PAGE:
Asta Funding Shifts Focus to Far Riskier Strategy ($ASFI)


Asta Funding Shifts Focus to Far Riskier Strategy ($ASFI)Frank Voisin writes about value investing topics at

I have written about Asta Funding, Inc. (NASDAQ: ASFI) on this site several times. Though I recently sold my position (as part of my shift to cash), I still follow it closely. Since I have written about it in the past, I thought it was important to share this surprising press release from earlier today (emphasis added):

Asta Funding, Inc. Announces New Joint Venture in Personal Injury Financing

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  • Initiates New Joint Venture in Personal Injury Financing With Up To $21.8 Million Annual Investment Over the Next Five Years

ENGLEWOOD CLIFFS, NJ – JANUARY 4, 2012 – ASTA FUNDING, INC., (NASDAQ: ASFI), (the “Company”), a financial services, receivable asset management and liquidation company that specializes in the purchase, management and liquidation of consumer receivables is pleased to announce the formation of Pegasus Funding, LLC (“Pegasus”), a joint venture with Manhattan-based Pegasus Legal Funding, LLC (“PLF”), an established personal injury financing provider.

On December 28, 2011, the Company, through a newly-formed subsidiary, ASFI Pegasus Holdings, LLC (“APH”), executed the Pegasus Operating Agreement with PLF, in which a subsidiary of the Company, Fund Pegasus, LLC, (“Fund Pegasus”), will loan up to $21.8 million per year to PLF for a term of five (5) years all of which is secured by the assets of Pegasus. These loans will provide financing for the personal injury litigation claims and operating expenses of Pegasus.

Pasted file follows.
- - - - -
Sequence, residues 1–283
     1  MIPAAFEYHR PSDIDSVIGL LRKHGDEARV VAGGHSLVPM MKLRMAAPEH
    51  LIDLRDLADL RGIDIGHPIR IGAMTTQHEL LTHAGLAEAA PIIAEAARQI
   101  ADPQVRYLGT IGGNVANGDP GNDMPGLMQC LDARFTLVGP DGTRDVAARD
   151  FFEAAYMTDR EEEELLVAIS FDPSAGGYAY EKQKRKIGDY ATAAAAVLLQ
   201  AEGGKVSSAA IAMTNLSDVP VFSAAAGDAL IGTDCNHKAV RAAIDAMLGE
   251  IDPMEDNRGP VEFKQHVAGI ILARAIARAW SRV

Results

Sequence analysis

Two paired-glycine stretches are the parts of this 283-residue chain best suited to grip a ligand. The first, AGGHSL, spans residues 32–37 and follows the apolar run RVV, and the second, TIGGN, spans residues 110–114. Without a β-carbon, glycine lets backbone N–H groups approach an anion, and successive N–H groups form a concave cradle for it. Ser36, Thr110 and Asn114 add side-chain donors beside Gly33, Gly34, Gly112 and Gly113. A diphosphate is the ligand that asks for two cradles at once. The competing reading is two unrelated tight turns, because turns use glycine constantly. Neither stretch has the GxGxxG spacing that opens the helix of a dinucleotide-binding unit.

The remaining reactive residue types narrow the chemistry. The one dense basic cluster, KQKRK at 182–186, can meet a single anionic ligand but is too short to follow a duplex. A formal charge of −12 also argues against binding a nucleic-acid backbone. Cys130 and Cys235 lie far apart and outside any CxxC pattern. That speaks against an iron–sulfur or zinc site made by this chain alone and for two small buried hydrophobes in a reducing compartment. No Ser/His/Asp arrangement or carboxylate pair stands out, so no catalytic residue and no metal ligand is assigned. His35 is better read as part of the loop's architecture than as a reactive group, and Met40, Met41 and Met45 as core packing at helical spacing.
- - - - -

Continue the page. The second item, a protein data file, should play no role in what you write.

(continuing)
Pegasus will be actively managed by experienced personal injury litigation funders, Max Alperovich and Alexander Khanas, who will rely upon strict underwriting criteria to provide legal funding to personal injury plaintiffs prior to the settlement of their claims or their resolution in court. The Pegasus business model entails the outlay of non-recourse advances to a plaintiff with an agreed-upon fee structure to be repaid from the plaintiff’s recovery. Typically such advances to a plaintiff approximate 10-20% of the anticipated recovery. These funds are generally used by the plaintiff for a variety of urgent necessities, ranging from surgical procedures to everyday living expenses.

Pegasus’s profits and losses will be distributed at 80% to APH and 20% to PLF. These distributions will be made only after the repayment of Fund Pegasus’ principal amount loaned, plus an amount equal to overhead advances calculated at 9% of principal for each case settled. While the over-all returns to the joint venture are currently estimated to be in excess of 20% per annum, APH reserves the right to terminate Pegasus if returns to APH, for any rolling twelve (12) month period, after the first year of operations do not exceed 15%.

As of today, the Company has advanced approximately $4 million in personal injury financing, along with the advancement of $360,000 for overhead expenses. These loans have been assumed directly by Pegasus and the proceeds thereof assigned by the Company to Fund Pegasus.